Justice Democrats-Endorsed Candidate Purchased $10,000 Christmas Tree as Mayor

Morse was mayor of Holyoke, one of the poorest cities in the state

Sen. Elizabeth Warren and Mayor Alex Morse/ Twitter Screenshot
August 7, 2019

Democratic congressional candidate Alex Morse, who was endorsed by Justice Democrats on Wednesday, used a city debit card to purchase a $10,000 Christmas tree in 2018 as the mayor of Holyoke.

Morse, who announced his candidacy in late July against Rep. Richard Neal (D., Mass.), faced scrutiny last year after his office purchased a $10,000 artificial Christmas tree using the city's debit card. After a council ordinance committee meeting featured questions and criticism about the purchase, Morse stepped in and instructed the city officials to blame him, according to

Bellamy Schmidt, who was in his second tenure as the acting city auditor in Holyoke last year, said the debit card was only supposed to be used for purchases up to $2,500.

Linda Vacon, the committee chairwoman of the council ordinance committee, said she was "stunned" by the $10,000 purchase and added she was surprised the department heads approved the purchase considering the city's financial crisis.

"I think it is stunning, I think it is dismaying, I think it just smacks of arrogance," she said.

The city faced a $1.1 million deficit and was experiencing months of delay in setting the tax rate, which forced the city to borrow money and incur interest costs.

"While I believe reasonable people can disagree as to whether or not it was a good idea to purchase an artificial Christmas Tree, it is important to note that no city employee did anything improper in the process of purchasing said tree," Morse said in a statement.

"I take full responsibility for the decision to purchase the tree. In the past, my office and mayors before me would put out a press release asking residents to let us know if they had a sizeable tree on their property that would be a good fit for the city's annual Christmas Tree," he continued. "We would deploy city staff, including the DPW and in many cases HG&E (if movement around electrical lines was necessary), as well as HPD for police transport in the interest of public safety. We would evaluate each submission and visit a number of properties before making a final decision."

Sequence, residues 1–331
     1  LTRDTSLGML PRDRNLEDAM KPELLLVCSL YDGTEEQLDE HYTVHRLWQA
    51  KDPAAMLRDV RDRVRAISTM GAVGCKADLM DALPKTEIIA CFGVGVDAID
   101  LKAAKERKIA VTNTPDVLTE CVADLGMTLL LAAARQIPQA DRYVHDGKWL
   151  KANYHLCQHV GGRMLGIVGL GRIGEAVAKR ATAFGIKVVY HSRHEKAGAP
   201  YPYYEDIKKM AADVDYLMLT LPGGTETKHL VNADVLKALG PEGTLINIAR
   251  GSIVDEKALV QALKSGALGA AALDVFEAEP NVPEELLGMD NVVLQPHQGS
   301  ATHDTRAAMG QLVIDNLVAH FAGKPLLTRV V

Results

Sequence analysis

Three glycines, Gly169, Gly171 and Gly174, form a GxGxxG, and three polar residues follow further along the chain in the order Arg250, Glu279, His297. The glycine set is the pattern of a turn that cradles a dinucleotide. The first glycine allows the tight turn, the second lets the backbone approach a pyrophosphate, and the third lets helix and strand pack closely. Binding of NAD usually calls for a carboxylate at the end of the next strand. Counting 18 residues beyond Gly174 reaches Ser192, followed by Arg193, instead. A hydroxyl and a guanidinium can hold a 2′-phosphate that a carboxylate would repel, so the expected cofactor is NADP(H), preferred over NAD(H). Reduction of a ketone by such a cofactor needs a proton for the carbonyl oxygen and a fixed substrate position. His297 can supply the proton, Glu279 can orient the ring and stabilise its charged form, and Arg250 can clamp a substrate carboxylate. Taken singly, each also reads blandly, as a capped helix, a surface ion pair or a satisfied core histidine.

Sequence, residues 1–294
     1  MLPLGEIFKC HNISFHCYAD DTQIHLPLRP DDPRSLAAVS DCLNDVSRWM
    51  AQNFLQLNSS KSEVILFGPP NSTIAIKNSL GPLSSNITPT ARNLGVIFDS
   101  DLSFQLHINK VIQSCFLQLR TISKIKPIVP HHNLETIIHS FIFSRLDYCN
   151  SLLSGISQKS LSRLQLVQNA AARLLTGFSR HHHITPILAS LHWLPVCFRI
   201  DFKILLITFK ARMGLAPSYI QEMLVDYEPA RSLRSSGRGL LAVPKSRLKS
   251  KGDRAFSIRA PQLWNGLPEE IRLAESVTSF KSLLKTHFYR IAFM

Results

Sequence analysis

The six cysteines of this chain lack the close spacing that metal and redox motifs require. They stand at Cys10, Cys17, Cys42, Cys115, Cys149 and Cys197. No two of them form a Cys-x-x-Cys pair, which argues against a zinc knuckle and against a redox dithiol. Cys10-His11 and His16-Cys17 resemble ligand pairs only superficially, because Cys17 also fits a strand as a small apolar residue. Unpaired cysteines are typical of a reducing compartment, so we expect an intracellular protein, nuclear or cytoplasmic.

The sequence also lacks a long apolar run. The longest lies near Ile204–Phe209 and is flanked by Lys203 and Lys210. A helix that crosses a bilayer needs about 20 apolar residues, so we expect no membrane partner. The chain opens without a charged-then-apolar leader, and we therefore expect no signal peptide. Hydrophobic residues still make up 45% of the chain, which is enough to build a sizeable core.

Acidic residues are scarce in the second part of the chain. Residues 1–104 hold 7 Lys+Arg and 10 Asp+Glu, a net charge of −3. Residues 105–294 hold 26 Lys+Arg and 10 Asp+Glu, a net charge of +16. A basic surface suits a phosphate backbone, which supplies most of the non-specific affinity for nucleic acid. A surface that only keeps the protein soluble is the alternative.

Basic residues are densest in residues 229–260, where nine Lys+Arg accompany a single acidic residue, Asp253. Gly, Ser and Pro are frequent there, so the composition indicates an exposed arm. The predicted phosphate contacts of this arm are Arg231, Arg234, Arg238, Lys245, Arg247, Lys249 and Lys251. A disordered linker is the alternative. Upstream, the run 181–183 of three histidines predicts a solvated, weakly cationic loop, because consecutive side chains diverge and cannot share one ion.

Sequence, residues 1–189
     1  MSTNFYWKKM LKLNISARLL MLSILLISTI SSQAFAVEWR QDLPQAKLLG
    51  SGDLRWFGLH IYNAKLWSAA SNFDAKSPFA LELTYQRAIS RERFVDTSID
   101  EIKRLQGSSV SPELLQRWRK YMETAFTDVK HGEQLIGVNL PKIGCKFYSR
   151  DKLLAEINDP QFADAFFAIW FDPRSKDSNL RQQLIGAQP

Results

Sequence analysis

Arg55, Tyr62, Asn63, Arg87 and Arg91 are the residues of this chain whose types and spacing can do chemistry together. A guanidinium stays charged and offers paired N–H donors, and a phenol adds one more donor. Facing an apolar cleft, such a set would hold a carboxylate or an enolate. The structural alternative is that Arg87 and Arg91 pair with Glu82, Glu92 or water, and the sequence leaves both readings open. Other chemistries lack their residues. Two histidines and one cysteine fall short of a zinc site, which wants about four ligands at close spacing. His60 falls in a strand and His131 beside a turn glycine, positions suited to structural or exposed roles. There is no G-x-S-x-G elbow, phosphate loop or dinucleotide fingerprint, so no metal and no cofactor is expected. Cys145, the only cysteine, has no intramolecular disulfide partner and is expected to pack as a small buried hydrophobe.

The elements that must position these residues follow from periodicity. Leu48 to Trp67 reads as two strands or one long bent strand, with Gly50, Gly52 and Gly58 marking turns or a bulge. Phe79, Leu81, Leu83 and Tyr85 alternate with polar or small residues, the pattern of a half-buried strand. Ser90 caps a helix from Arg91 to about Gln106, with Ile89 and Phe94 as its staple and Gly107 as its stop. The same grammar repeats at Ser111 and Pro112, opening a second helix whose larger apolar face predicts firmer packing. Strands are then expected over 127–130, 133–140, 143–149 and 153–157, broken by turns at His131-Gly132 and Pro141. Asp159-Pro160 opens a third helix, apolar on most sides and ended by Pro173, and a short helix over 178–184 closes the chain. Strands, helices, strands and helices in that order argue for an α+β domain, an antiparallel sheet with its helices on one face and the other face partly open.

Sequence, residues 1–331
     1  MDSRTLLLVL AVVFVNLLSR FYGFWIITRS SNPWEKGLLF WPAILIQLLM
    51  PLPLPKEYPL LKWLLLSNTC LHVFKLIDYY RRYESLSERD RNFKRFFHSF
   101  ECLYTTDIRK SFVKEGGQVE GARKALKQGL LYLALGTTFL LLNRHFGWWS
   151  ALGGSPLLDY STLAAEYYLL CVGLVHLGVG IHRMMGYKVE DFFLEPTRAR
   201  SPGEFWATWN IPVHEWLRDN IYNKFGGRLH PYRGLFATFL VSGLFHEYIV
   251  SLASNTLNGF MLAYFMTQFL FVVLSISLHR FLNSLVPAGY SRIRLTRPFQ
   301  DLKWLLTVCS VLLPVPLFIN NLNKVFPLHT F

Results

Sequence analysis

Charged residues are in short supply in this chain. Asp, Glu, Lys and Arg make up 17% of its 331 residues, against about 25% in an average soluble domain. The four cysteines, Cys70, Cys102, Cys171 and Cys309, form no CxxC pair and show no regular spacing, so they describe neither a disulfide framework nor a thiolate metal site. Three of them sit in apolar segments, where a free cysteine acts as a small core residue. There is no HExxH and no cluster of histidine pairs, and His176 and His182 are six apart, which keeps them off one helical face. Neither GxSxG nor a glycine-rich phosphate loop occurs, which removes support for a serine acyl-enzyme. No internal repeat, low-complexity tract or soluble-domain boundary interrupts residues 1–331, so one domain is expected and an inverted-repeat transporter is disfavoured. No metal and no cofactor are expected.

Morse said the process in finding a Christmas tree became challenging as fewer volunteers came forward to volunteer their Christmas trees, saying his office was "spending considerable staff time searching for a tree, to the point where city staff were knocking on residents doors asking if they would consider parting with a tree on their property."

"After speaking with other city staff and some department heads, we agreed this was a good decision for the city in the long term," Morse added.

Holyoke is the second poorest city in Massachusetts and has the second-highest poverty rate in the state, according to a 2018 RoadSnacks study. The study, released just before the beginning of the year, also found Holyoke had a 10.2 percent unemployment rate compared to the national unemployment rate of 3.9 percent at the time.

The Boston Globe published a list of all the Massachusetts annual median household incomes back in December 2018 and Holyoke was the third-lowest median household income at $37,954 per household. Over 75 cities and towns have a median annual household income over $100,000 in Massachusetts.

On Wednesday, Morse received an endorsement from Justice Democrats, the progressive grassroots organization that was instrumental in electing Reps. Alexandria Ocasio-Cortez (D., N.Y), Ilhan Omar (D., Minn.), and Rashida Tlaib (D., Mich.,) into office.

"We are proud to endorse @AlexBMorse in his primary to take on @RepRichardNeal. Neal has been a bulwark against progressive priorities in the Democratic Party like Medicare for All and holding Trump accountable," Justice Democrats tweeted. "We need Democrats who fight for voters, not big corporate donors."

Rep. Neal, who Morse is challenging, has not faced a well-funded nor serious primary challenger since 1994.